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NCCDH Audience & partner engagement: Survey highlights

Written ByFaith LaydenFaith Layden | March 31, 2017
Faith Layden

Faith Layden, MA, MPA

Program Manager

Faith has been with the NCCDH since February 2007 and is involved in strategic and operational planning, program monitoring and evaluation. She earned her MPA at the University of Victoria and has an MA in French from Dalhousie University. Faith has worked with teams at the University of Victoria, a national non-profit organization and the BC provincial government.

In 2016, the NCCDH completed audience and partner surveys, designed with our external evaluator, to help us understand our intended audiences’ and partners’ engagement with the NCCDH. The surveys sought to gage perceptions of quality, relevance, credibility and expertise; influence on capacity; and contributions to organizational changes. The anecdotal results were positive, and the survey findings have deepened our understanding of how our users and partners use our expertise, our products, and our networks in tangible and meaningful ways.

Our audience survey was promoted widely and open to anyone who perceives themselves as users of the NCCDH. The audience survey asked specifically about the status of social determinants of health and health equity work within the public health organizations for which respondents work, and sought information as to how NCCDH activities do and could enable users to improve their social determinants of health and health equity capacity. Our first ever survey of partners was distributed to individuals representing organizations with which we had co-produced a resource or event; who’d significantly influenced an NCCDH product; or for whom NCCDH staff had supported an initiative. From partner organizations, we sought to learn about the influence and outputs resulting from our partnership; perceived benefits of partnering with us; attributes of our partnership capacity; and how we can partner better.

Our surveys’ results demonstrated that the NCCDH is credible and valuable to users, including decision-makers, across Canada. Our audience survey showed that users perceive NCCDH activities to have increased their capacity and contributed to a wide range of practice changes within public health organizations. Our activities continue to contribute to increased knowledge and increased interest in social determinants of health and health equity work. We observed high response rates of users reporting positive influence on assessment and reporting methods, initiation of new work or development of new resources, changes to curriculum/educational practices, changes to a policy and implementation or changes to an existing program. Our partner survey revealed strong partnership practices and high partner satisfaction.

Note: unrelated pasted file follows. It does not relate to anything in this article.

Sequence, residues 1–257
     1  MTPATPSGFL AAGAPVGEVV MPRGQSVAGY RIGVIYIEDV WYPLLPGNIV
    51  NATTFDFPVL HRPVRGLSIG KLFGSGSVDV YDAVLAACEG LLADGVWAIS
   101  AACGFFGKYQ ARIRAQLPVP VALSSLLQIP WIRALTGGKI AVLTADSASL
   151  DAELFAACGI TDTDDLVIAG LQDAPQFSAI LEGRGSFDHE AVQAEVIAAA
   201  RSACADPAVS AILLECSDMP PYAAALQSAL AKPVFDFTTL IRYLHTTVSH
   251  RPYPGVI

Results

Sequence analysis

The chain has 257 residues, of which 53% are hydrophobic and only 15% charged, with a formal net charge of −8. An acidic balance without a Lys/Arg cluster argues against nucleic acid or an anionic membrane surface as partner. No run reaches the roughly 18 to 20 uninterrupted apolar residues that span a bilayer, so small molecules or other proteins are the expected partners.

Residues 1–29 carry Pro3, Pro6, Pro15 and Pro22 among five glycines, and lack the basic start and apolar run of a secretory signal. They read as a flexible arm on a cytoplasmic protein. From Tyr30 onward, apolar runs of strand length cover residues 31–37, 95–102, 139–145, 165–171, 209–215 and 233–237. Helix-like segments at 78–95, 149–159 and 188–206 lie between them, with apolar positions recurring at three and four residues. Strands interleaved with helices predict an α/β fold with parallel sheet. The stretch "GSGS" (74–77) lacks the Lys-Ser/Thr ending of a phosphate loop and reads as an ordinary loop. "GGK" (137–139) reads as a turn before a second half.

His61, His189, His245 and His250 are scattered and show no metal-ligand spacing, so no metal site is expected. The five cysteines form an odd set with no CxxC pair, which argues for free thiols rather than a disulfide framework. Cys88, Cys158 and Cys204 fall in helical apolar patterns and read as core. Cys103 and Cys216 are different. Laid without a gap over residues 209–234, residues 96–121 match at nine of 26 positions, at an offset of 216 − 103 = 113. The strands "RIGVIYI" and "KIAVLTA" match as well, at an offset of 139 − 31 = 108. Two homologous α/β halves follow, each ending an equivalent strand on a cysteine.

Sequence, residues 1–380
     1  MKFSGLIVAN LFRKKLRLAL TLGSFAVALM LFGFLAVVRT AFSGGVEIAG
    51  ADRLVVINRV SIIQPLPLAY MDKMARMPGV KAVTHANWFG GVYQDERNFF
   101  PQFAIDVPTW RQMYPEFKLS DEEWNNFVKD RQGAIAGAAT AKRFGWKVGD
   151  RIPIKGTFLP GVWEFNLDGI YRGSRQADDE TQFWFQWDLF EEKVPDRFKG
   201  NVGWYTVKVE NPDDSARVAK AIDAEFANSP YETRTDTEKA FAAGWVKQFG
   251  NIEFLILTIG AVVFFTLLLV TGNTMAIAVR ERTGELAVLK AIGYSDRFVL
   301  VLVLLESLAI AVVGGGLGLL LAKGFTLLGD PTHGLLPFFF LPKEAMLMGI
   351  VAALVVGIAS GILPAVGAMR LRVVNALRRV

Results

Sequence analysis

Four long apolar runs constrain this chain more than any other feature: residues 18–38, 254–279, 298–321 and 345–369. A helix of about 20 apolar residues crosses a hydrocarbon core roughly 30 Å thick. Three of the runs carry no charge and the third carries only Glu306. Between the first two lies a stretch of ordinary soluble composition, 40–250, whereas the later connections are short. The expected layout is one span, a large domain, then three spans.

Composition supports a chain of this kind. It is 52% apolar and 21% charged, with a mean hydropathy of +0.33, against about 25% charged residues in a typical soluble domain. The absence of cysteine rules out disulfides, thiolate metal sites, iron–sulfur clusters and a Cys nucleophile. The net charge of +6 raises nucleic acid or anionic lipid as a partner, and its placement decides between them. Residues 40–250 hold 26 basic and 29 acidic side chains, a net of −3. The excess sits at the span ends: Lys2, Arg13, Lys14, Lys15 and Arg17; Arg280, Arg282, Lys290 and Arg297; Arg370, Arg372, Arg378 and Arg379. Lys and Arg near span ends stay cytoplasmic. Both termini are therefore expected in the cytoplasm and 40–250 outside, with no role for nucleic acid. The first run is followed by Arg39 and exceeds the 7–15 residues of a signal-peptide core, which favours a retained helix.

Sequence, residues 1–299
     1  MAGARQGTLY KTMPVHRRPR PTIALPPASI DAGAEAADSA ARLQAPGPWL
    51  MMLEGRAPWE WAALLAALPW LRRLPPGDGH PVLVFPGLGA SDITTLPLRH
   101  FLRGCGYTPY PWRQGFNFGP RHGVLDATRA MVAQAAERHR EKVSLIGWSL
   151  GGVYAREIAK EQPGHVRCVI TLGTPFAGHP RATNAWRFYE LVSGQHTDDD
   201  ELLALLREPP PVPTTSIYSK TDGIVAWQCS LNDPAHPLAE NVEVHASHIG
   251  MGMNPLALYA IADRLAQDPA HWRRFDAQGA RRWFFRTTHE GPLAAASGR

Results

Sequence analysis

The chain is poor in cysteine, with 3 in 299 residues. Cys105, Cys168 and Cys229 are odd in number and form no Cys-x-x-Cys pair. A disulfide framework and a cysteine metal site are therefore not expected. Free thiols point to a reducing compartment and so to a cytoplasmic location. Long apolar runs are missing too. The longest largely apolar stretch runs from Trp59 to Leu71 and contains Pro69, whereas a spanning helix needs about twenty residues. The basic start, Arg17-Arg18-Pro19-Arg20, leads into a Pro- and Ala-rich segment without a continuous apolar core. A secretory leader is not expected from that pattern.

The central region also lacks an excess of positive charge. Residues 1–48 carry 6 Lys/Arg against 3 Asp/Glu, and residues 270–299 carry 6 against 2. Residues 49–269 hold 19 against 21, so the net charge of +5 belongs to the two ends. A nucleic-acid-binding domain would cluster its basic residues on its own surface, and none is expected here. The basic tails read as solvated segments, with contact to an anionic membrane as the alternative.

• 93% of respondents felt that the NCCDH work increased their understanding/knowledge about the social determinants of health and health equity.
  • 87% of respondents felt that our work enhanced their understanding of the gaps in the knowledge base of the social determinants of health and health equity.
  • 86% of respondents indicated that our work enhanced their skills to address the social determinants of health and health equity.
  • 85% of respondents said that because of our work they are able to identify emerging issues in the social determinants of health and health equity. We contributed to 85% of respondents’ change in thinking/attitude about the social determinants of health and health equity.
  • 82% of respondents reported that our work helped them make changes to an existing program or implement a new program to better address the social determinants of health and health equity.

In our audience’s words:

“The work of the NCCDH has provided much needed resources and elevated the awareness and importance of health equity and SDoH within our organization. Staff/management have attended national conferences and meetings sponsored by the NCCDH which has helped to further the conversation, understanding and action in our organization regarding these topics.”


Products/ outputs resulting from partnership with NCCDH:

  • Conferences, conference events, events, meetings, workshops, webinars
  • Presentations, poster presentations
  • Resources, reports, documents
  • Website

Some respondents reported that resulting benefits would not have been possible without the involvement of the NCCDH:

  • Heightened profile of the work
  • Enhanced ability to achieve project objectives
  • Greater impact than would have been achieved if not working with NCCDH
  • Enhanced legitimacy or credibility
  • Better products

In our partners’ words:

“In The Affordability of Healthy Eating in Alberta…we highlight the NCCDH public health roles framework and we organize our recommendations to address household food insecurity/health inequities into these four categories."

The evaluation findings demonstrate differences the NCCDH has made through products and relationships. As an outcome of the surveys, we’ve been able to refine our work and better tell our story of how our activities and products have contributed to our audience and partners. 



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